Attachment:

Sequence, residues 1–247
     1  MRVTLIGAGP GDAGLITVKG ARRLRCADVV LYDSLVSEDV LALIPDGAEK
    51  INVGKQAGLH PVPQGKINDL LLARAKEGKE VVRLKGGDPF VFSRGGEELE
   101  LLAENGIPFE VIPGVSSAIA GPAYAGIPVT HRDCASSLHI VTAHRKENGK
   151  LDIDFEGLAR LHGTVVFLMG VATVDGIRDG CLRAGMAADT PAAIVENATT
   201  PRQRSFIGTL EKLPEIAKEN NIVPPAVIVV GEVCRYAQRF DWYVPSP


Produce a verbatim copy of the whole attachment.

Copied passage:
Sequence, residues 1–247
     1  MRVTLIGAGP GDAGLITVKG ARRLRCADVV LYDSLVSEDV LALIPDGAEK
    51  INVGKQAGLH PVPQGKINDL LLARAKEGKE VVRLKGGDPF VFSRGGEELE
   101  LLAENGIPFE VIPGVSSAIA GPAYAGIPVT HRDCASSLHI VTAHRKENGK
   151  LDIDFEGLAR LHGTVVFLMG VATVDGIRDG CLRAGMAADT PAAIVENATT
   201  PRQRSFIGTL EKLPEIAKEN NIVPPAVIVV GEVCRYAQRF DWYVPSP